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Archive for February, 2011

What Really Makes Me Mad is Understandable

Posted by paulipoldie on February 13, 2011

What Really Makes Me Mad is Understandable

Posted: 03 Feb 2011 02:27 AM PST

WHEN I TRY to educate my fellow non-Muslims about basic Islamic doctrine, they often automatically assume I hate Muslims. They don’t have a way of reconciling my criticism with any model of the world they are familiar with, and the only way to understand me is to conclude I must just be a “hater” or have a prejudice against Arabs or Muslims. But I have found some success in clearing this up by explaining how I look at the whole subject. Something like this…

I think of Muslims as being divided into three categories. There are those who understand the doctrine well and believe in it and are committed to following its dictates. This is a relatively small percentage, although nobody knows how small. I would guess it is somewhere between five and twenty-five percent of Muslims. That’s a pretty big range, I know, but like I said, it’s hard to know for sure.

The second category of Muslims are those who know about the doctrine but secretly reject parts of it. They do it secretly because it says in the doctrine they are not allowed to reject any of it, and also because in many parts of the world it is physically dangerous to reject any part of Islamic doctrine publicly. I believe this group is another ten to twenty percent of Muslims. That’s just a guess.

The third category is the biggest. These are Muslims who don’t know what their own doctrine says. They grew up Muslim, their parents were Muslim, and they never thought of having a choice about being Muslim, but they’ve never been interested enough to find out what Islamic doctrine says.

With an understanding of the three categories, I can now explain that I do not hate “Muslims.” What bothers me is that people in the first category — the true believers — are successfully exploiting the third and very large category of ignorant Muslims, and successfully fooling most of the non-Muslims.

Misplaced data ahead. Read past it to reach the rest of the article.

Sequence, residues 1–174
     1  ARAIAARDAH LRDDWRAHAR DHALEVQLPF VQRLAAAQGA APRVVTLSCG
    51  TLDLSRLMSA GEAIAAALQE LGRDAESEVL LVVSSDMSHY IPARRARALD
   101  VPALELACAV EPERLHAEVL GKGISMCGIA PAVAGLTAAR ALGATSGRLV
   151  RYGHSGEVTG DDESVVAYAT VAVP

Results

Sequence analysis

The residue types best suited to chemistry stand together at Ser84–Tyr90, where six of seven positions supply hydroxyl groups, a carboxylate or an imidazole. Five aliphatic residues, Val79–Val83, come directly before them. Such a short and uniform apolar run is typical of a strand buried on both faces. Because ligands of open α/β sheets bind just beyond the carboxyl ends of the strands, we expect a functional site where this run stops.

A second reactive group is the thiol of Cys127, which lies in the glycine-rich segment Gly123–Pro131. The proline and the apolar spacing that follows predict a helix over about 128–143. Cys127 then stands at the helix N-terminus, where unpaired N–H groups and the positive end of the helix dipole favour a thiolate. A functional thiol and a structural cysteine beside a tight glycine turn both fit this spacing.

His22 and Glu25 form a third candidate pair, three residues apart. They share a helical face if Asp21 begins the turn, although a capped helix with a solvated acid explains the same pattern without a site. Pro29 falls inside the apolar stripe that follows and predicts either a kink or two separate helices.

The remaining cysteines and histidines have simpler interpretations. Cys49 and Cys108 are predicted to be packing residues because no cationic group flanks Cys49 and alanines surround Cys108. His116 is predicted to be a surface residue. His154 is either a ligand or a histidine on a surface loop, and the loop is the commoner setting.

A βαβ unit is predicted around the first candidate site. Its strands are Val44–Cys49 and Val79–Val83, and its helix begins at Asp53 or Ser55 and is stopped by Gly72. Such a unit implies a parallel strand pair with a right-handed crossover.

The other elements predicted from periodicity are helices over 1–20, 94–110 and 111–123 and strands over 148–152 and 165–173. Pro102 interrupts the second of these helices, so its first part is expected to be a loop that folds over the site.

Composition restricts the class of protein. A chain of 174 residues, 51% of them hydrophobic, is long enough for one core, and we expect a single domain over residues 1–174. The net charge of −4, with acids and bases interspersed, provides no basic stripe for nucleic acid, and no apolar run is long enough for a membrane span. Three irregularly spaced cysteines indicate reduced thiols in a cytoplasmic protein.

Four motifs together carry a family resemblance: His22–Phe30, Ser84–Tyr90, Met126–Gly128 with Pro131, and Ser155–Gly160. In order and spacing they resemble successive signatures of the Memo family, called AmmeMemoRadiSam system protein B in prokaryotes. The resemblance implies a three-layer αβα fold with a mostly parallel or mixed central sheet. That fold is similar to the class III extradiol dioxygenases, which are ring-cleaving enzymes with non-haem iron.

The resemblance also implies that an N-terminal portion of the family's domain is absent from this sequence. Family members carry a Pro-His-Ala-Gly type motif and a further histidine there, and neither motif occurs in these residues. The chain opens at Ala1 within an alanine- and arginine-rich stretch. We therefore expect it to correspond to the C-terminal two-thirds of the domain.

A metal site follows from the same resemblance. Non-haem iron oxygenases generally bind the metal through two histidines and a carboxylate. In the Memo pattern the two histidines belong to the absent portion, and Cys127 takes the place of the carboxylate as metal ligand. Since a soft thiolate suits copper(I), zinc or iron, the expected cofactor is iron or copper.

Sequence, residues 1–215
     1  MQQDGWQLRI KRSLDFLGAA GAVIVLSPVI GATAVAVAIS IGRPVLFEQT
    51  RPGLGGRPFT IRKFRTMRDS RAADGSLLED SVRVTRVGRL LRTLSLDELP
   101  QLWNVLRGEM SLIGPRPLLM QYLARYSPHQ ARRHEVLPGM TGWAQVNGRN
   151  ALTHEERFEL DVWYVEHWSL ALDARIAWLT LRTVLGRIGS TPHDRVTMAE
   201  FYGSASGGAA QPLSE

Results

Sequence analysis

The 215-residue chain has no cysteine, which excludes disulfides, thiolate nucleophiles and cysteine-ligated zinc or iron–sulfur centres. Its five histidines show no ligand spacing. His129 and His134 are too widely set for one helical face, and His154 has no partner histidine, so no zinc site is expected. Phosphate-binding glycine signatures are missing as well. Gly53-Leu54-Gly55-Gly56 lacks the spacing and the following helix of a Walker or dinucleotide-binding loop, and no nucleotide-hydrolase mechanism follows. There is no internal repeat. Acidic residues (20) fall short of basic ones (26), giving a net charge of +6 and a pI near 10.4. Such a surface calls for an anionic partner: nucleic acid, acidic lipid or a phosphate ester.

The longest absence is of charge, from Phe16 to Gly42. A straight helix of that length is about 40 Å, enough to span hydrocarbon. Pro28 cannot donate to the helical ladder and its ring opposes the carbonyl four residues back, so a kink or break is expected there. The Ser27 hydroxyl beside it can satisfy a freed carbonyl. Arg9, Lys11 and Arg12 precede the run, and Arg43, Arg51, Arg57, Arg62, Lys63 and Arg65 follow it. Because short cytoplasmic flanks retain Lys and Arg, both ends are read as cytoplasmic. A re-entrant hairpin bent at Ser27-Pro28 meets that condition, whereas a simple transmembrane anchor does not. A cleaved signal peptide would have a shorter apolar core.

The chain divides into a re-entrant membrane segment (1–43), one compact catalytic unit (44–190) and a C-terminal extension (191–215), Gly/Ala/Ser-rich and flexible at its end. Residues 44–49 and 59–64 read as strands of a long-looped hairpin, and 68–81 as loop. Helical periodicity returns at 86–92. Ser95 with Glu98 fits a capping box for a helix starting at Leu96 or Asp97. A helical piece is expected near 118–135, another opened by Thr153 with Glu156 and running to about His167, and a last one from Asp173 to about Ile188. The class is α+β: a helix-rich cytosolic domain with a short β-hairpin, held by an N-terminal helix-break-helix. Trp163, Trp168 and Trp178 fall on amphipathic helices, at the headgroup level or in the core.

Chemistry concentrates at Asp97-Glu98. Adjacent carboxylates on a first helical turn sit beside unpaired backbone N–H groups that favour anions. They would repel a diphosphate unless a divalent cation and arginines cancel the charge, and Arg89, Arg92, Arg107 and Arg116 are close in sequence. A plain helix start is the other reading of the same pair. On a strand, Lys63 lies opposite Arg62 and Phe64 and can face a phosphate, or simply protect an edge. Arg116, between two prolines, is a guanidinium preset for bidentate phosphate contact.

And even that doesn’t bother me as much as the fact that the true believing Muslims are successfully exploiting and fooling so many people simply because people refuse to look. It’s not like the information is hard to find. The ignorant Muslims have not taken the time to explore their own doctrines enough to accept or reject them. And the ignorant non-Muslims essentially refuse to look. They make assumptions instead, and self-righteously defend their assumptions. But the doctrines are widely published and abundantly available. That’s what really bothers me.

I feel like Winston Churchill must have felt during the 1930’s. He read Mein Kampf. The book was available for anyone to read. Churchill was trying to get people to simply look, but for the most part people did not want to look for fear of what they would find. What a frustrating, angering situation. That’s why I appear frustrated and angry sometimes when I’m talking to people. It is not hatred toward Muslims. It is anger at our ridiculous situation: A group is actively working toward a terrible goal which has been widely published in the open, but so many people do not want to know about it. Under the circumstances, I think intense frustration is a normal response.